Pentecost 11 C – Faith = Faith

There is no doubt about it –

Isaiah’s vision addresses a people

who have misplaced the object of their faith.

God, through the prophet, dismisses the activities of the people –

though they seems driven by devotion;

no more burnt offerings – no more sacrifices –

the message of this vision is that the observance of the people

has become a burden (to God) rather than a blessing.

Faith has become its own object.

That is what happens when a gift of God is re-invented as a requirement of religion.

You must have faith, is the common cry

but how, ask the people –

we will show you what to do, says the church.

Say this – behave thus – ask no questions and we’ll tell you no lies

and suddenly faith is a formula, only concerned with sustaining itself.

It is that formulaic approach that Isaiah rails against.

The ‘faith = ritual’ model that continues to be a refuge for some in churches today.

It is the trap of ‘simple faith’ that catches many a well-intentioned person

and does nothing to increase our awareness of God’s loving intention for us.

God, it seems, will not hold these errors against us: “if you are willing and obedient, you shall eat the good of the land (v. 19)” [that is to say, you will abide in my favour]

but it seems right that we should take steps to keep God as the object of our faith.

Before you take steps to have me removed,

I’m not suggesting everything the church has ever done is wrong, or misguided, or empty.

I am suggesting that it doesn’t take much to distract the people of God from the pursuit of God,

because it is so easy to pursue the god-like tasks of the church.

Presbyterians are especially vulnerable –

with our great passion for education, and our great pride in our system of church government

we find ourselves fully invested in a system that can distract us from God’s’ purpose.

We cling to the idea that an educated clergy

combined with an empowered lay-leadership

will create the proper atmosphere for faithfulness –

And when we approach our system with the proper respect (and just a little suspicion) –

we are rewarded with wonderful and genuine opportunities to serve God and one another.

Unfortunately we more often speak and act in terms of “hoops to jump through”

when we are confronted with procedure and practice of the church

Decently and in good order – the watchwords of Presbyterian polity

have become code for “unchanging and unresponsive”

This is not fair, because it suggests that we have abandon faith – and we certainly have not –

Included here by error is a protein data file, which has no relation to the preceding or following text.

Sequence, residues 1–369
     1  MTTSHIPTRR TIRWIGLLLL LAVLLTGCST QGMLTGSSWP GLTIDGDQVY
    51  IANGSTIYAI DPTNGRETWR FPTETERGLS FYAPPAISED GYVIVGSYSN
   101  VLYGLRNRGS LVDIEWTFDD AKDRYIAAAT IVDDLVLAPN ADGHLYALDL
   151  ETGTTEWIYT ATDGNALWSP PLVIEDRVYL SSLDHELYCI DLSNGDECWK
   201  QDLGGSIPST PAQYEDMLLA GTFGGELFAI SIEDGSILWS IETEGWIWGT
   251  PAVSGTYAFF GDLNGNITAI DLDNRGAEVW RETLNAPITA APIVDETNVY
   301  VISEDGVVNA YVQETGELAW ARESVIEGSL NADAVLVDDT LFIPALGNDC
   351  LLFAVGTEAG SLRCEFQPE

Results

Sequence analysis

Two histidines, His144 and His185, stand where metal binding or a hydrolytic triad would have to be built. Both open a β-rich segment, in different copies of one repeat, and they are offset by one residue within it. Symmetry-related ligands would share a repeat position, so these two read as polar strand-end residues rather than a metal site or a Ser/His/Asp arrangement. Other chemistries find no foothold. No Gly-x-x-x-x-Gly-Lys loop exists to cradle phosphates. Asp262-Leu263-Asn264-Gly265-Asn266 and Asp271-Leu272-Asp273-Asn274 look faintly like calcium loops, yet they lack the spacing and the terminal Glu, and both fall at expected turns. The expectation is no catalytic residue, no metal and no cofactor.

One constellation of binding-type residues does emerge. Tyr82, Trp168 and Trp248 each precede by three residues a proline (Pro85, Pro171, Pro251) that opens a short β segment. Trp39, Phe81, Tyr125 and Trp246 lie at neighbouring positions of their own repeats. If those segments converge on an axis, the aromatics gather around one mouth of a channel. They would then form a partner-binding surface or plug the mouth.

but such talk is a sign that our faith has lost sight of its object.

Now faith is the assurance of things hoped for, the conviction of things not seen.

So says the author of the letter to the Hebrews in chapter eleven.

That does not mean we must let faith choose it’s own way –

Hebrews puts the things of God clearly in our sights

as the proper destination for all faithful (faith-filled?) pursuits.

For Abraham – faith meant looking forward – trusting –

taking drastic steps against all the available information,

but not just for the sake of change,

nor for the sake of conforming to some well defined system of thinking / believing –

the author says that Abraham looked forward,

not to some personal achievement/reward,

but to “the city that has foundations, whose architect and builder is God”

This man whose best years (it seemed) were behind him;

who had no children, (and therefore could leave no legacy)

left the country of his birth to journey towards God (whom he could not see)

there was nothing but God on his mind in all his tasks

“and this was reckoned to Abraham as righteousness…”

This opening argument in a chapter of faithfulness should make us stop and think:

When was the last time you took a step forward (or even sideways) in that kind of faith?

When was the last time a church body made a decision, or took action,

with a real desire to see God in their decision making process.

Can our faith ever look like that?

We are not without potential – that much is certain – and of course we are never without hope.

God’s leniency towards repeat offenders works in our favour.

And Jesus’ reminder that the culmination of all this kingdom work is coming at an unexpected time

means we are working toward a flexible deadline.

So there is time to redeem this thing we call faith

to point it, once more, toward its source, and its goal.

The million dollar question, of course, is HOW…?

Is it a change of polity, or a change in attitude, or a change in perspective – or a change in priorities – wow, that’s a lot of change – and we can’t abide change,

because we have made gods of our traditions, our policies, our rituals

and all our well intentioned habits – all offered in God’s name, but for our sake…

I think it is simple – we need to study and consider very carefully

those things we believe as followers of Jesus – and his body, the church.

We need to trust so implicitly in the compassion of God

rely so completely on the love of God

care so deeply about the promises of God

that we begin to act as though they were real

(rather than acting as though we wished they were real – a very different thing)

Then we will see what faith can do for us – then we will know the joys of faithful living

then we too will find ourselves citizens of that better country –

drawn by faith’s true object.

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